16. Auto-configuration

Spring Boot auto-configuration attempts to automatically configure your Spring application based on the jar dependencies that you have added. For example, If HSQLDB is on your classpath, and you have not manually configured any database connection beans, then we will auto-configure an in-memory database.

You need to opt-in to auto-configuration by adding the @EnableAutoConfiguration or @SpringBootApplication annotations to one of your @Configuration classes.

Tip

You should only ever add one @EnableAutoConfiguration annotation. We generally recommend that you add it to your primary @Configuration class.

16.1 Gradually replacing auto-configuration

Auto-configuration is noninvasive, at any point you can start to define your own configuration to replace specific parts of the auto-configuration. For example, if you add your own DataSource bean, the default embedded database support will back away.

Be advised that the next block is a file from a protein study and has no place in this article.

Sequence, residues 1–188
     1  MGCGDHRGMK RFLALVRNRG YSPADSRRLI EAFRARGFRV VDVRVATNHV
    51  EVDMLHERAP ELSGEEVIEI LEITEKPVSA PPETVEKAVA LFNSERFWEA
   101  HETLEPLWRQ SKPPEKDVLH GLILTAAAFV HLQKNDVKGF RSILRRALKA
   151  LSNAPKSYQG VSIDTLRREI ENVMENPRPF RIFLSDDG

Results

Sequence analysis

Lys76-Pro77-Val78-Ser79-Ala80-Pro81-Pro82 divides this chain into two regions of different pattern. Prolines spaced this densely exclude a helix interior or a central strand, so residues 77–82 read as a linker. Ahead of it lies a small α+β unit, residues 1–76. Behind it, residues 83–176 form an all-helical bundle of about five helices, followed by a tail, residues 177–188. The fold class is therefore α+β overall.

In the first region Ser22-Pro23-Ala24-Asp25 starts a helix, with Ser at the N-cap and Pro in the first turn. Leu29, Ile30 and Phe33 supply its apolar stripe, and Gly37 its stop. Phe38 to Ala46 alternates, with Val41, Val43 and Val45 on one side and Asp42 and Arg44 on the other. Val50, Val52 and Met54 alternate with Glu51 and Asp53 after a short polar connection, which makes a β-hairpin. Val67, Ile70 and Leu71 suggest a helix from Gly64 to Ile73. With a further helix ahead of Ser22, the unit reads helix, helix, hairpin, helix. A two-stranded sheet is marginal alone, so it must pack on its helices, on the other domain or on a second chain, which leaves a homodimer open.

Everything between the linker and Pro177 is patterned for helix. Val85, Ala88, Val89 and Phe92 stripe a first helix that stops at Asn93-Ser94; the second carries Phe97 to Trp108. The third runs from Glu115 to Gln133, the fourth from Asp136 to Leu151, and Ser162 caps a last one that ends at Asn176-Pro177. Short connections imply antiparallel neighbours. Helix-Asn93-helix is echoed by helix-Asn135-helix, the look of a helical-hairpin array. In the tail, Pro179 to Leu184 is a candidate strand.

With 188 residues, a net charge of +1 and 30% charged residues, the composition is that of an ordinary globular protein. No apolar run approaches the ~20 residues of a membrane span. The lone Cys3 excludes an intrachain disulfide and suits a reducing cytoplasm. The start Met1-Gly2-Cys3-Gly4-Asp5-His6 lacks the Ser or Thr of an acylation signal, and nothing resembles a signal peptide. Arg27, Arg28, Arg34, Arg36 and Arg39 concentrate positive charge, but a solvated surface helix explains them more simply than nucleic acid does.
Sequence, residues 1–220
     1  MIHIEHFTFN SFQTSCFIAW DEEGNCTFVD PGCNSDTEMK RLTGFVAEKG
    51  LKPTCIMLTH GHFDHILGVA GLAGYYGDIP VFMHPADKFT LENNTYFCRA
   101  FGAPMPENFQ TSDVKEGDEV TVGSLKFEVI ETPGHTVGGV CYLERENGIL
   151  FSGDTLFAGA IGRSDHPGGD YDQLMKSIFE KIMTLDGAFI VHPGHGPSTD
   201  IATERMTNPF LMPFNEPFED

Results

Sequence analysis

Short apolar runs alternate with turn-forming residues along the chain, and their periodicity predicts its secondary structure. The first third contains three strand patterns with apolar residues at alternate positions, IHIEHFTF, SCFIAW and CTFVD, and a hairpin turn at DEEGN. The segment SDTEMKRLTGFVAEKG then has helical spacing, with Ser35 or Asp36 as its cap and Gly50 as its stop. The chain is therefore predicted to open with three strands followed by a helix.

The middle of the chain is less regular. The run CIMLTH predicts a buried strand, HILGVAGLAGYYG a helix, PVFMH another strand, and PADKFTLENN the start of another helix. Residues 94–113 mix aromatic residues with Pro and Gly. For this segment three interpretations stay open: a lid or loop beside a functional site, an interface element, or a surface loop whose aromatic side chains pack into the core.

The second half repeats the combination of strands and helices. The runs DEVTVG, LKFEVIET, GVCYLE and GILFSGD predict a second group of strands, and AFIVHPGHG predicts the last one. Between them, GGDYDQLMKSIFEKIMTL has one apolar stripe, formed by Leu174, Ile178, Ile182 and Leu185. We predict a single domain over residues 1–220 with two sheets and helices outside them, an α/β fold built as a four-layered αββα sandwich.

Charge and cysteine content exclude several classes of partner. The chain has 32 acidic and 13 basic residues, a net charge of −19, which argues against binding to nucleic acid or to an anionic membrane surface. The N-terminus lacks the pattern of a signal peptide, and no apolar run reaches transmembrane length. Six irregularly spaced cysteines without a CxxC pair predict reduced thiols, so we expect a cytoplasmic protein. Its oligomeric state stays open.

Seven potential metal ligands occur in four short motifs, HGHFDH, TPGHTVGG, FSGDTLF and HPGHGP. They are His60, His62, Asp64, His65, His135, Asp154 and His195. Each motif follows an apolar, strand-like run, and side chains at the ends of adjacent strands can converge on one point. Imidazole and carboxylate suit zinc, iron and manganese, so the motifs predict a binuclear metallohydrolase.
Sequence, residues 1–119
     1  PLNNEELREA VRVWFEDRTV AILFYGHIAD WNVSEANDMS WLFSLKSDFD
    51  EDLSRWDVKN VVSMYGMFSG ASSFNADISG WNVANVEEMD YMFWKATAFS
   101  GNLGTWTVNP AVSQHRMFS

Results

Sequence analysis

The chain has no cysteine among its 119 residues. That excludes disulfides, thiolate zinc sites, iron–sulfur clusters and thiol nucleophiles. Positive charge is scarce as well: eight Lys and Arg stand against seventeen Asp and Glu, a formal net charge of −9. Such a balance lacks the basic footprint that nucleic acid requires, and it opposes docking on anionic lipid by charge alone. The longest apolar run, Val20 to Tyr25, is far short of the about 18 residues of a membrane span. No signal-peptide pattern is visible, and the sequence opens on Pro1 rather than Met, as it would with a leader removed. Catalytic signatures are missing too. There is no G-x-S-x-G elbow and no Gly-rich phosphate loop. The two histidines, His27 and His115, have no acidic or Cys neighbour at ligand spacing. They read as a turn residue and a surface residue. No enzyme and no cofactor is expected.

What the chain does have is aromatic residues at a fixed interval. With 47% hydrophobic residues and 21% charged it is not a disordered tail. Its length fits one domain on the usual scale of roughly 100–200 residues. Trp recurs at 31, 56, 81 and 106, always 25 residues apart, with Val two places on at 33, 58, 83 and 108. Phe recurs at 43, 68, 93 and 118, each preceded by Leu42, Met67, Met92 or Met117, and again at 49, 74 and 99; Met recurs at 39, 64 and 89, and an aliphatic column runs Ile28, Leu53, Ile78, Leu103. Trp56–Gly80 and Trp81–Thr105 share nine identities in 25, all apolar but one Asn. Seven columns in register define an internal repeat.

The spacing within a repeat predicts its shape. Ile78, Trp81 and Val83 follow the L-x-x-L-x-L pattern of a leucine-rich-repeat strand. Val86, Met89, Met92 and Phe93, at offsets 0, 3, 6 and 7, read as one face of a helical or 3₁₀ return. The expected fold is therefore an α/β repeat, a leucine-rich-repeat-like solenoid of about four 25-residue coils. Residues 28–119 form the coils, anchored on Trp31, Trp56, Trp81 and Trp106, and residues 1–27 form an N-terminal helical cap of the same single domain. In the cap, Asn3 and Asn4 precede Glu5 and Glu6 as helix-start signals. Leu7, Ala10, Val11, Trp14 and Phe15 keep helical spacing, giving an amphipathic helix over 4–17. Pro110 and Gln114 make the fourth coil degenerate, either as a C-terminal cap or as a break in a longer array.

If you need to find out what auto-configuration is currently being applied, and why, start your application with the --debug switch. This will enable debug logs for a selection of core loggers and log an auto-configuration report to the console.

16.2 Disabling specific auto-configuration

If you find that specific auto-configure classes are being applied that you don’t want, you can use the exclude attribute of @EnableAutoConfiguration to disable them.

import org.springframework.boot.autoconfigure.*;
import org.springframework.boot.autoconfigure.jdbc.*;
import org.springframework.context.annotation.*;

@Configuration
@EnableAutoConfiguration(exclude={DataSourceAutoConfiguration.class})
public class MyConfiguration {
}

If the class is not on the classpath, you can use the excludeName attribute of the annotation and specify the fully qualified name instead. Finally, you can also control the list of auto-configuration classes to exclude via the spring.autoconfigure.exclude property.

Tip

You can define exclusions both at the annotation level and using the property.